This is a a short explanatory post on what “neurodiversity” means
If you are like me, you might have heard people use the term neurodiversity often in discussions of difference or disability, especially online and in the social media sphere. If–also like me–you are disabled but not necessarily on the spectrum, you may be wondering when it’s appropriate to use such terms, or even if any of them apply to you!
What is neurodiversity?
Neurodiversity is a term and a movement to help people understand the variety of neurotypes that exist in human brains, and the differences they can present.
Neurodiversity encompasses people on the autism spectrum as well as people who have other diagnoses. In my own case, learning the many unique ways my cerebral palsy (CP) affects my own brain led me to want to explore neurodiversity more deeply, even though at this time CP, despite being a neurodevelopmental condition, is not specifically considered a part of neurodiversity.
Are neurodiverse and neurodivergent the same?
Neurodiverse and neurodivergent are both terms people use to describe themselves or other folks who are not neurotypical. Most often they are used to describe autistic people or people with attention deficit hyperactivity disorder (ADHD.)
Among autistic people, the term neurodivergent is more common. For the purposes of this piece and others like it, I will be using the terms neurodiverse and neurodivergent (likewise neurodiversity and neurodivergence) as synonyms.
Are neurodiverse or neurodivergent people disabled?
While neurodiversity itself is not disability, many neurodiverse folks, like many disabled folks, may need accommodations in school or at work. Accommodations for neurodivergent students or employees may include, but are not limited to:
- A work or play space that minimizes distractions or sensory input, such as one without bright lights, noise, or strong scents
- Additional time on tests and other timed tasks or assignments
- Flexible communication strategies such as making use of Augmentative and Alternative Communication (AAC) devices
While autism and ADHD, for example, are diagnoses that often get defined and treated as disabilities, many neurodiverse or neurodivergent people may not consider themselves disabled. They may cite instead the unique strengths, insights, and abilities that their neurodivergence brings to their lives. For autistic people in particular such strengths can include:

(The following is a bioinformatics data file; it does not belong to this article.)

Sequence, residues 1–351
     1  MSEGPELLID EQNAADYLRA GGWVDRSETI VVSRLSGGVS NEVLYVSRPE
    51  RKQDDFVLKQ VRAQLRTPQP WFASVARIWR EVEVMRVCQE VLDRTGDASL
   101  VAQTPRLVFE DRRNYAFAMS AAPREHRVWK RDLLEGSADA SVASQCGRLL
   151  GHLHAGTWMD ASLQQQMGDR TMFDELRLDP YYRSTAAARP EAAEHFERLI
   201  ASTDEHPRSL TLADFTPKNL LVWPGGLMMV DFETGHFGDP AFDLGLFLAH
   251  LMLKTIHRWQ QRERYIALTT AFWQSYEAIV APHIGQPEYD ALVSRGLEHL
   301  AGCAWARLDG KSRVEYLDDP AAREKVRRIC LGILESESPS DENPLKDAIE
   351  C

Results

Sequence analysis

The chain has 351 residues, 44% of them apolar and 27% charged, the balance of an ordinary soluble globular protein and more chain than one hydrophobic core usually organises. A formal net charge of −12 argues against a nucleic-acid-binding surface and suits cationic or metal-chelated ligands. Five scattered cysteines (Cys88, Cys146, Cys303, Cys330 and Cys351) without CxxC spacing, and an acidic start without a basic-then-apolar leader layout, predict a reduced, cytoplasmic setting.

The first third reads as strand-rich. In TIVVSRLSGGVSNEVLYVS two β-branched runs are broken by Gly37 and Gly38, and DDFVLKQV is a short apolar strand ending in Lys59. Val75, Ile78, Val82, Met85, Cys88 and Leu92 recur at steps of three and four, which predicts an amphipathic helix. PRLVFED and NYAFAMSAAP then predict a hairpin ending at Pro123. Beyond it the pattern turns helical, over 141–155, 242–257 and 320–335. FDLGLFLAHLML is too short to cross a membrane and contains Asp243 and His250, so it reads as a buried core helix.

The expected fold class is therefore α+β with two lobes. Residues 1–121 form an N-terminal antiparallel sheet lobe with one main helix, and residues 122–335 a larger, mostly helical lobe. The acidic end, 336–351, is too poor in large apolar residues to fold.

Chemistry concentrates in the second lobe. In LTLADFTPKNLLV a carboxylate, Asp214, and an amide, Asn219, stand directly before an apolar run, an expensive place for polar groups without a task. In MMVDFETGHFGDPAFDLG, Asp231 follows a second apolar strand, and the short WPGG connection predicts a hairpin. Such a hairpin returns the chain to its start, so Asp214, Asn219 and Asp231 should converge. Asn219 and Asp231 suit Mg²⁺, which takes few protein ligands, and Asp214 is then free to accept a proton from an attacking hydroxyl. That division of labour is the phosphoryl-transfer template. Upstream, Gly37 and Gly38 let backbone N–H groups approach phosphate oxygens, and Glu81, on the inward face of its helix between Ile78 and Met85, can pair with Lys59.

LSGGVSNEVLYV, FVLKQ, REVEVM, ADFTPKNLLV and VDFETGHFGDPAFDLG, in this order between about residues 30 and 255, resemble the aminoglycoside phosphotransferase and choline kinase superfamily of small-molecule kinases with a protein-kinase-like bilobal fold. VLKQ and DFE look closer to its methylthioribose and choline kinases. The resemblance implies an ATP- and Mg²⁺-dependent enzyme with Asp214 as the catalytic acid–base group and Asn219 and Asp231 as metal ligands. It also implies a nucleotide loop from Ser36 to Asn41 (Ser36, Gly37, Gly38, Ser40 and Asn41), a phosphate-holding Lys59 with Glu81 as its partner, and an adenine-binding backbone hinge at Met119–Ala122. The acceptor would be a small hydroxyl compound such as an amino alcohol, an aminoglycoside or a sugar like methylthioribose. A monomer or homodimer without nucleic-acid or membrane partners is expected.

- Approaching situations differently; thinking “outside the box”
- Embracing nonconformity and creativity
- Strengths in computer programming, mathematics, or other systems
- Musical abilities
- Above-average attention to detail
- Strong visual-spatial skills, including those in art and design
Sometimes people can acquire neurodiverse or neurodivergent traits, such as sensory sensitivities, as a result of trauma. People with Post-Traumatic Stress Disorder (PTSD) or Complex PTSD (C-PTSD) can be considered neurodiverse for this reason, though research on this aspect of neurodiversity is still fairly new.
Folks with intellectual disabilities (ID), Tourette syndrome, or even mental illnesses like depression, anxiety, and schizophrenia may call themselves neurodiverse as well. Not everyone in the neurodiversity movement agrees, however, on which conditions or experiences define neurodiversity. It is also worth noting that, while for some neurodiversity may be cause for celebration, for others a simple acknowledgement, recognition, or acceptance of their neurodivergent experiences may be sufficient for them to embrace and express their neurodiverse identity. Here’s an in-depth explanation on this:
So, what’s the best way to define neurodiversity?
Clearly, the definition of neurodiversity is still evolving–if for no other reason than that yes, technically, every human being has a unique brain!
Like me, you may see aspects of yourself and your life in many of the points I have raised above. Or you may have a perspective and experiences that differ profoundly from any of them. Whatever the case, our experiences are worth sharing, and the ways we define them are worth unpacking together!
Above all I am certain that as awareness and acceptance of both disability and neurodiversity grow, people will learn to describe themselves and others more inclusively, yet more accurately, than ever.
Kari Turner is a freelance writer and disability advocate from Los Angeles. She and her husband are raising their family in California’s high desert. In her spare time, of which she’s had little since her daughters were born!, she blogs about disability, spirituality, parenting, and faith at http://writingthetao.blogspot.com. Follow her on Facebook and LinkedIn.